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E-Mail-Address Thief Pleads Guilty

Former AOL Employee Sold 92 Million Screen Names to Spammers

By Larry Neumeister
Associated Press
Saturday, February 5, 2005; Page E03

NEW YORK, Feb. 4 -- A former America Online Inc. software engineer pleaded guilty Friday to stealing 92 million screen names and e-mail addresses and selling them to spammers.

Jason Smathers, 24, of Harpers Ferry, W.Va., entered the plea to conspiracy charges in U.S. District Court in Manhattan. Sentencing was scheduled for May 20.

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Smathers could be ordered to make restitution of $200,000 to $400,000, the amount the government estimates AOL spent as a result of the e-mails.

In December, U.S. District Judge Alvin K. Hellerstein rejected a similar plea by Smathers, saying he was not convinced that he had actually committed a crime. But the judge said prosecutors now had sufficiently explained why he had.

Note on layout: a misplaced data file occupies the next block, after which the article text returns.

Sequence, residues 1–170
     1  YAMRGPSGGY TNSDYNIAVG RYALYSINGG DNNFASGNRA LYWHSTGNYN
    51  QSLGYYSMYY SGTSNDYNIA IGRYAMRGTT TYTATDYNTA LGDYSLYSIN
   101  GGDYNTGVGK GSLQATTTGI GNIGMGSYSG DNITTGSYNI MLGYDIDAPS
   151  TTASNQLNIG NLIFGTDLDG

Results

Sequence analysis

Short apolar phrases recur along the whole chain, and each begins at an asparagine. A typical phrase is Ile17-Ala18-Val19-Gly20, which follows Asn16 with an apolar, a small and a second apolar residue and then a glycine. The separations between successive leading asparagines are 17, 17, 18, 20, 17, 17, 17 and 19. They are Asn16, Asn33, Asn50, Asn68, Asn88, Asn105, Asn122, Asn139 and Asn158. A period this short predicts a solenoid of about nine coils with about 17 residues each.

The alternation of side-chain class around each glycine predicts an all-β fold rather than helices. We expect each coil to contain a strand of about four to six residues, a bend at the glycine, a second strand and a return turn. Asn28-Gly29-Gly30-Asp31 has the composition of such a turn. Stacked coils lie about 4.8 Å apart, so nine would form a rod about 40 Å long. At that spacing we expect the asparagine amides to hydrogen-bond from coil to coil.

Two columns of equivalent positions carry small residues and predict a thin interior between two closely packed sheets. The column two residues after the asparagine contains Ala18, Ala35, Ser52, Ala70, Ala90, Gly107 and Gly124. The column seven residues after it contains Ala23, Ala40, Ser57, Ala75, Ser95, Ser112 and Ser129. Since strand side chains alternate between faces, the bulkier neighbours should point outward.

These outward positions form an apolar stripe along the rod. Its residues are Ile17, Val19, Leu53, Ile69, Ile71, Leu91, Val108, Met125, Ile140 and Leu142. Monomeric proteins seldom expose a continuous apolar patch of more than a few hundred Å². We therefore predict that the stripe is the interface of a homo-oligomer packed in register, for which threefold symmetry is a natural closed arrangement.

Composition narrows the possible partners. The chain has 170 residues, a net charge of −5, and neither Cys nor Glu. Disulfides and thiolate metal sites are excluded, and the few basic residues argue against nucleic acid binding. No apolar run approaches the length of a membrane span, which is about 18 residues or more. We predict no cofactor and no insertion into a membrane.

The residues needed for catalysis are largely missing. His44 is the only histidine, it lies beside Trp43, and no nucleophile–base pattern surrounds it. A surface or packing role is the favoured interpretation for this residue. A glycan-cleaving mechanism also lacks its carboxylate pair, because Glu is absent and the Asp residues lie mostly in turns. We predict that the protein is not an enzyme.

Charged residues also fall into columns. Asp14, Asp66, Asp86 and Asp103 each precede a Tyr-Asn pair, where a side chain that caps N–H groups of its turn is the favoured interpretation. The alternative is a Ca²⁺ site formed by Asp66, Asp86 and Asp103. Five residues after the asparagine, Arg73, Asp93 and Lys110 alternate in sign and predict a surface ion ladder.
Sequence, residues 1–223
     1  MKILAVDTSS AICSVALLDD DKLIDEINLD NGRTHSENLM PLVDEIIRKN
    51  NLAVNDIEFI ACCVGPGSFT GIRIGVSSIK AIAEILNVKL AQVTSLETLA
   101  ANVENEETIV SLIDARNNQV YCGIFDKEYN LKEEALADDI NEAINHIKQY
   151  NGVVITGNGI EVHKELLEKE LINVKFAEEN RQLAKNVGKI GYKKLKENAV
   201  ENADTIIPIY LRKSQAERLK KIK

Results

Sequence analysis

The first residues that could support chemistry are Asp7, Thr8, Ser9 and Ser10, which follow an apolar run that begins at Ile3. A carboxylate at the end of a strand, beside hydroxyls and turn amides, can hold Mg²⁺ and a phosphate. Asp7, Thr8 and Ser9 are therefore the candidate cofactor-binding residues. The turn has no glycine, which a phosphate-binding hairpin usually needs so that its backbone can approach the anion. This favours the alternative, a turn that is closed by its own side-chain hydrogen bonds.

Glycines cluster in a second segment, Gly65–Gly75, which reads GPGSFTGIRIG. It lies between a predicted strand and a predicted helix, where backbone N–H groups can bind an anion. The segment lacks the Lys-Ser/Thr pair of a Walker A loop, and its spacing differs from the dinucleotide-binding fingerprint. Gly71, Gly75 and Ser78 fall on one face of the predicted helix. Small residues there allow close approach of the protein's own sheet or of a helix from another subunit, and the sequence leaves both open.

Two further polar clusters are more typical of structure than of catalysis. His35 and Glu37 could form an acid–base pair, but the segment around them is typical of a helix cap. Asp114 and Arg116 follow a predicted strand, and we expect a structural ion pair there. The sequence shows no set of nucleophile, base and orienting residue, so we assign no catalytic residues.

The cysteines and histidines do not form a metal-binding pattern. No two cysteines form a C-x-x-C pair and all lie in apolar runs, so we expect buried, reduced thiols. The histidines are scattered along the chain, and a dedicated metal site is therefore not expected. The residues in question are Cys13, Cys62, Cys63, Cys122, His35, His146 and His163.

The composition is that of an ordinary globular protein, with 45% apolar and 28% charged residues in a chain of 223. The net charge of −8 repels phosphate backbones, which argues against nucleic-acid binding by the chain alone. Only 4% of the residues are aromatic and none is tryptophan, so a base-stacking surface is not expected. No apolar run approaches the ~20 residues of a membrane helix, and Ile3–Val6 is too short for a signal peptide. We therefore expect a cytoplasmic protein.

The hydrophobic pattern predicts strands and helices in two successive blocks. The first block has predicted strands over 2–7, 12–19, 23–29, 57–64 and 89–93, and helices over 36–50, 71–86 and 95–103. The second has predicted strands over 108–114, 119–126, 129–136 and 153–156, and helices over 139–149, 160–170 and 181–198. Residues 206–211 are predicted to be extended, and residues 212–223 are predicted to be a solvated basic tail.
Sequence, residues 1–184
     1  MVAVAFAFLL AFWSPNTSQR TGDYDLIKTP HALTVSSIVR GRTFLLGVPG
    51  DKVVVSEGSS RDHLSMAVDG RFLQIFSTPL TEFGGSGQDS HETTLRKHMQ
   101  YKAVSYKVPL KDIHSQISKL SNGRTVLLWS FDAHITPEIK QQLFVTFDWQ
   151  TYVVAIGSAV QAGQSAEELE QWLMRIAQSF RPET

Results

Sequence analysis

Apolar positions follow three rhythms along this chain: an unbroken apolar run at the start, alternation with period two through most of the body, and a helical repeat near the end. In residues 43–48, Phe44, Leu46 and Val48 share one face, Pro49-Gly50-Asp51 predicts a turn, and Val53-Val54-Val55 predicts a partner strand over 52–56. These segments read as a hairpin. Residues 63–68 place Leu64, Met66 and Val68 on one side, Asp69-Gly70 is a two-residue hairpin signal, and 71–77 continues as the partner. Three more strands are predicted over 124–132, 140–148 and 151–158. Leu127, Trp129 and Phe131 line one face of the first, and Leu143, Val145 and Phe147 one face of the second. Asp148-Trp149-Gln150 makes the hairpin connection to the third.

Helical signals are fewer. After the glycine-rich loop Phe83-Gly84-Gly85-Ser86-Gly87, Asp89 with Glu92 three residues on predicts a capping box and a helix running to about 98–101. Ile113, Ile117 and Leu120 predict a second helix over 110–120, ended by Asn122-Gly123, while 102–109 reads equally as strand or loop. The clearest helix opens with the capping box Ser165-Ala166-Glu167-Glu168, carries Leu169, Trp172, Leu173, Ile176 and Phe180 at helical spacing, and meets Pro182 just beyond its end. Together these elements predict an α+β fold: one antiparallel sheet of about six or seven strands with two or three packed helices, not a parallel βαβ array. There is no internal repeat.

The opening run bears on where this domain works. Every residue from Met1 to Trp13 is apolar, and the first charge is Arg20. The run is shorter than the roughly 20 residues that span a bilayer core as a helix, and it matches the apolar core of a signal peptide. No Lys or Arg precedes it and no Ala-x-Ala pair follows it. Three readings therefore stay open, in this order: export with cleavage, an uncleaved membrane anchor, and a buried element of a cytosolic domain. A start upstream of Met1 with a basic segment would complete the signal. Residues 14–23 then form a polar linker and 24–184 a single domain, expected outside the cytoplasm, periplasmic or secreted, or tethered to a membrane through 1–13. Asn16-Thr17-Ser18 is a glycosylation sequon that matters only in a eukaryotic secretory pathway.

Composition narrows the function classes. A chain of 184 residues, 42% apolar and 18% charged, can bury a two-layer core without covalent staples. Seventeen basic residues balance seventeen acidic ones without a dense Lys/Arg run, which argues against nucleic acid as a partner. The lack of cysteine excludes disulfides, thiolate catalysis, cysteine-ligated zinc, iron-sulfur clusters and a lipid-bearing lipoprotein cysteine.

Smathers told the judge that he accepted $28,000 from someone who wanted to pitch an offshore gambling site to AOL customers, knowing that the list of screen names might make its way to others who would send e-mail solicitations.

Assistant U.S. Attorney David Siegal said Smathers had engaged in the interstate transportation of stolen property and had violated the federal Can-Spam law, which is meant to diminish unsolicited e-mail messages.

America Online is a wholly owned subsidiary of Time Warner Inc.

Smathers was fired by AOL last June. Authorities said he used another employee's access code to steal the list of AOL customers in 2003 from its headquarters in Dulles.

Smathers allegedly sold the list to Sean Dunaway, of Las Vegas, who, prosecutors said, used it to send unwanted gambling advertisements to subscribers of AOL, the world's largest Internet service provider. Dunaway was also charged.

The stolen list of 92 million e-mail addresses included multiple addresses used by AOL's estimated 30 million customers.

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